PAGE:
Readers of the National are unlikely to need a reminder that Sunday marks the second anniversary of Scotland’s independence referendum (perhaps to be known in future as Scotland’s first independence referendum).
The anniversary will be a moment for reflection about how much has changed in Scottish politics. We’ve seen a wave of political engagement break, leaving the landscape profoundly reshaped with hugely increased party membership among the pro-independence parties. This year’s Holyrood election showed however that this is mirrored by the entrenchment of the Tories as they attempt to define themselves around attachment to the Union.
On top of that we have the Brexit consequences, which mostly sit under the “known unknown” heading. The case for Scotland retaining its relationship with the EU inevitably changes the case for independence – and though the polls are slow to reflect this I think it strengthens our position. Independence can no longer be misrepresented as an inward-looking and isolationist movement of “separatists”; instead it becomes much harder to deny its reality as an internationalist cause.
No doubt the referendum anniversary will also be another opportunity for Ruth Davidson and her supporters to bang on and on about the constitution while demanding that the Scottish Government stops banging on and on about the constitution. “Why can’t they just get on with the day job?” ask the people who can barely mention any issue without bringing it back to the independence question.
The paradox is that every party is already straining at the limits of the powers currently devolved to Scotland. It’s by no means only the pro-independence voices who are testing those limits, and demands to focus on the day-to-day issues of Scottish politics are often accompanied by proposals for actions which fall beyond the limits of the current settlement.
Last week the UK Government announced the closure of Dungavel immigration detention centre, and a proposed replacement. Since then we’ve also seen damning criticisms of the standard of treatment asylum seekers in Scotland are receiving at the hands of privatised services. Labour MSPs have been demanding change – and quite right too. There is indeed action the Scottish Government can take, but the barriers don’t lie in Holyrood. The UK Government won’t even allow Scottish Ministers to take responsibility for asylum seekers’ health, housing and education, all of which should already be devolved. Despite commitments for a review in the Smith Commission, nothing has changed. We do indeed need a humane and respectful asylum system, most urgently the ending of indefinite detention. But we need to get beyond the limits of devolution to make it happen.
Tax avoidance has been coming up as well, with proposals from myself and Green colleagues as well as from other parties. I welcomed the First Minister’s agreement that loans and guarantees provided by government to private companies shouldn’t be available to tax avoiders, but if we want to go further and actually gather the revenue that’s owed by big business, we need the powers to do it. We also need the ability to co-operate with other countries to abandon the ethos of tax competition which gives tax dodgers their opportunities – it’s the UK Government which has been blocking this action. Once again, the limits of devolution are getting in the way of more radical action.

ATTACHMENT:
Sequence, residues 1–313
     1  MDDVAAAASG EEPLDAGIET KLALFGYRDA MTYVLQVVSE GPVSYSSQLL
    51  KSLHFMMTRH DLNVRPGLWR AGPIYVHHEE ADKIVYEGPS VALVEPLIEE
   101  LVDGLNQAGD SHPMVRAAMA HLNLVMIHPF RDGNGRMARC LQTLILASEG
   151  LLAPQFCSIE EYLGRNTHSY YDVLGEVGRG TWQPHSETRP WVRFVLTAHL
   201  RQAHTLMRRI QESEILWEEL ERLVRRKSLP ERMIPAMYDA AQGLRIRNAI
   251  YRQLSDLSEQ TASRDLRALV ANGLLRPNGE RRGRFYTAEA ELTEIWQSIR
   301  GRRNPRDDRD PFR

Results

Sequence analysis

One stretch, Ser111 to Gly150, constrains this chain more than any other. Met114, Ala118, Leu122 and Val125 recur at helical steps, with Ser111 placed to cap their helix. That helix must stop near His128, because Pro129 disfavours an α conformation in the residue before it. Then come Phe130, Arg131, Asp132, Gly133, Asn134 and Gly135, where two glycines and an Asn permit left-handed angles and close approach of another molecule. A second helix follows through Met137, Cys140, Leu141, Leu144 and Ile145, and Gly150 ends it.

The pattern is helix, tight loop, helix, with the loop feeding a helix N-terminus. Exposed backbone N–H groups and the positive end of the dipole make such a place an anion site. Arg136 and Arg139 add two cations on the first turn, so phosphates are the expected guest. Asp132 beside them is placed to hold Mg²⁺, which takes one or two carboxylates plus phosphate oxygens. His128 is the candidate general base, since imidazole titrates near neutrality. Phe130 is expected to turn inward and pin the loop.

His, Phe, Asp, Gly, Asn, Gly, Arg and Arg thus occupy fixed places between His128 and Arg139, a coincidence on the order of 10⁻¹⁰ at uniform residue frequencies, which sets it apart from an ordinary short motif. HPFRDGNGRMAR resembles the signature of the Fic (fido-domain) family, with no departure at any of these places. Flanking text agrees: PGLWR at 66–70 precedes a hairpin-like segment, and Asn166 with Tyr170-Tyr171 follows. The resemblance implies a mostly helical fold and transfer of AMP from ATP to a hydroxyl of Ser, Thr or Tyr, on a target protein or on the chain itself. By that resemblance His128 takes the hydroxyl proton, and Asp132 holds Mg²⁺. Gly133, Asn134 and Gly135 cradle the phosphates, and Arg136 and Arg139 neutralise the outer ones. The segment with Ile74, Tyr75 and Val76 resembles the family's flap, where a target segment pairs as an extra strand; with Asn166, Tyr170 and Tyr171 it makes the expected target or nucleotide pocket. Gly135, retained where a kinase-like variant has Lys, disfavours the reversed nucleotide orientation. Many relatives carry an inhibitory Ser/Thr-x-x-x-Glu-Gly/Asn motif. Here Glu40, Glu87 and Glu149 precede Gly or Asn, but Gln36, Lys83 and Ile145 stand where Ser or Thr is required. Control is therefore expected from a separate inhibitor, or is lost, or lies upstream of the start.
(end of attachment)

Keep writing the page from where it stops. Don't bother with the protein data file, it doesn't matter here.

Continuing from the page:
Even from the Tories’ point of view, it should be obvious that the current situation is too constraining. They may want to pursue very different political objectives than I’m seeking, but that doesn’t stop them week after week demanding action from the Scottish Government when the UK Government is the real source of the problem. Just yesterday in First Minister’s Questions, the Tories were condemning cuts in the Enterprise Agencies’ budgets and demanding more investment in the economy. This from the party which is directly responsible for continual cuts to the Scottish budget and which is planning even more to come. Like the private sector lobby groups for whom every bit of economic news prompts a press release demanding tax cuts for themselves and more spending on the things they benefit from, the Tories cannot claim a shred of credibility or consistency.
From energy policy to poverty reduction, and from fair employment to macroeconomics, this pattern repeats itself. Two years after our first independence referendum, the Better Together parties might not have the self-awareness to see it but they are all now straining at the limits of devolution and advocating policies which ultimately require independence.
None of this is an excuse for not “getting on with the day job”. We do need far more creative use of the powers we do have, but far from undermining the case for independence, a bold approach to the day job will demonstrate how confining those limits are, and will only strengthen the case for breaking beyond them.
This article first appeared in The National.